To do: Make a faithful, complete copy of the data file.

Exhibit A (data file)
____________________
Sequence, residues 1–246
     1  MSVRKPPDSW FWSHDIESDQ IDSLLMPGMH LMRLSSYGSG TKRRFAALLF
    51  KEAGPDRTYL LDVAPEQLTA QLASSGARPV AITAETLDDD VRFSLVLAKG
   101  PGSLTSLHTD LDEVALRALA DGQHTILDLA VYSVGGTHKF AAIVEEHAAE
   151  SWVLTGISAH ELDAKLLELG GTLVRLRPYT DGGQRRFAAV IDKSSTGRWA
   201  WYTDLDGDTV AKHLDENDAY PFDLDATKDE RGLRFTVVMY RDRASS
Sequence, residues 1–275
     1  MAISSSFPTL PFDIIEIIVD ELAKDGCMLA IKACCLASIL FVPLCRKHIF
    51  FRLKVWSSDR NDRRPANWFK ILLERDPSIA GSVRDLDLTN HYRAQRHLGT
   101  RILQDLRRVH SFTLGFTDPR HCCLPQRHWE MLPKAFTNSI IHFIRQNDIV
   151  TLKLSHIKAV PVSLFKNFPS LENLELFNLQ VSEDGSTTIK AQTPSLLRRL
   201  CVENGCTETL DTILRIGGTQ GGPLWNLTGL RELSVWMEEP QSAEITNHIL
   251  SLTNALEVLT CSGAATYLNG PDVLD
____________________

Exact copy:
Sequence, residues 1–246
     1  MSVRKPPDSW FWSHDIESDQ IDSLLMPGMH LMRLSSYGSG TKRRFAALLF
    51  KEAGPDRTYL LDVAPEQLTA QLASSGARPV AITAETLDDD VRFSLVLAKG
   101  PGSLTSLHTD LDEVALRALA DGQHTILDLA VYSVGGTHKF AAIVEEHAAE
   151  SWVLTGISAH ELDAKLLELG GTLVRLRPYT DGGQRRFAAV IDKSSTGRWA
   201  WYTDLDGDTV AKHLDENDAY PFDLDATKDE RGLRFTVVMY RDRASS
Sequence, residues 1–275
     1  MAISSSFPTL PFDIIEIIVD ELAKDGCMLA IKACCLASIL FVPLCRKHIF
    51  FRLKVWSSDR NDRRPANWFK ILLERDPSIA GSVRDLDLTN HYRAQRHLGT
   101  RILQDLRRVH SFTLGFTDPR HCCLPQRHWE MLPKAFTNSI IHFIRQNDIV
   151  TLKLSHIKAV PVSLFKNFPS LENLELFNLQ VSEDGSTTIK AQTPSLLRRL
   201  CVENGCTETL DTILRIGGTQ GGPLWNLTGL RELSVWMEEP QSAEITNHIL
   251  SLTNALEVLT CSGAATYLNG PDVLD